Santa's workshop

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Santa's workshop (plural Santa's workshops)

  1. The mythical structure, usually envisioned as located at the North Pole, where Santa Claus and a large number of capable elves work tirelessly and gladly year-round to produce all of the toys and other gifts to be delivered throughout the world on Christmas Day.
  2. A fanciful replica of this structure, temporarily erected in a retail store, shopping mall, or other public venue at Christmastime as an attraction for children and parents.
  3. (idiomatic, by extension) A busy, productive large or small work environment, populated by dedicated workers.
    • 1983 Feb. 11, Robin Herman and Laurie Johnston, "Frenzied Finish For Trump Tower Atrium," New York Times (retrieved 15 May 2014):
      Like a Santa's workshop for the rich, the huge shopping atrium was jammed with frenzied workers pushing to finish by Monday's opening.
    • 1999 Feb. 21, Michael Isikoff, "The Right Wing Web," Newsweek (retrieved 15 May 2014):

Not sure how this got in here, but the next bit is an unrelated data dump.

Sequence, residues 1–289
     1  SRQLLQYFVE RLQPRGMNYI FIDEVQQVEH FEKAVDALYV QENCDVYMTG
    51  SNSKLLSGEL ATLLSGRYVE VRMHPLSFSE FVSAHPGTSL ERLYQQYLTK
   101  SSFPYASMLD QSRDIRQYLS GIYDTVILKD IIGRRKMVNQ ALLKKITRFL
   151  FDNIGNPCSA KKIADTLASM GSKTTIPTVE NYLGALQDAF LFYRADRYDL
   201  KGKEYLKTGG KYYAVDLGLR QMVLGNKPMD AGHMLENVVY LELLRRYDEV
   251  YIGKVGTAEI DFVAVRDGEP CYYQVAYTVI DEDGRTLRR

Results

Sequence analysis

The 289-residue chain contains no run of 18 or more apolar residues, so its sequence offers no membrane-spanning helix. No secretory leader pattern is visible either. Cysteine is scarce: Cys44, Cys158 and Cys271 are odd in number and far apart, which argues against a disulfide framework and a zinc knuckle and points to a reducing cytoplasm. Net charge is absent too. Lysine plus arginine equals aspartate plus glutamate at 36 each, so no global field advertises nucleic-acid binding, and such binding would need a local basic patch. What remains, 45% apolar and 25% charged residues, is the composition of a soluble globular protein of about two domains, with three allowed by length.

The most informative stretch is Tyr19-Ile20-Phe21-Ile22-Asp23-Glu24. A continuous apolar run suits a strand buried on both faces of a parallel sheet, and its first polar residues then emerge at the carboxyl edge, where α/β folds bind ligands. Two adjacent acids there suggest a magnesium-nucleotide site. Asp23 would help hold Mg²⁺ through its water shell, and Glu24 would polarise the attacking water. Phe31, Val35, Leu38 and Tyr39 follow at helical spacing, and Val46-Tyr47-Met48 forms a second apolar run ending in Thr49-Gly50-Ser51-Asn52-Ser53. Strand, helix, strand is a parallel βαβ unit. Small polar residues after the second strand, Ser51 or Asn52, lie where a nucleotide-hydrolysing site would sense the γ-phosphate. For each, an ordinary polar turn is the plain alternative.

An acid-tongued blonde who writes a legal-affairs column for the right-wing weekly Human Events, Ann Coulter . . . laughed. "There are lots of us busy elves working away in Santa's workshop."
    • 2001 Jan. 8, Aparisim Gosh, "Trapped in the System," Time (retrieved 15 May 2014):
      U.S. consumers . . . will look to China, as they have since the country a decade ago became a regular Santa's workshop for toys, clothes and electronic gizmos.
    • 2012 June 13, Deborah L. Jacobs, "How My Book Became A (Self-Published) Best Seller," Forbes (retrieved 15 May 2014):
      Next week 500 books not shipped elsewhere directly from the printer will arrive at our house. . . . At that point my Brooklyn brownstone will turn into Santa’s workshop as I package courtesy copies for all the sources who helped and people whose photos appear in the book. I will also send out review copies.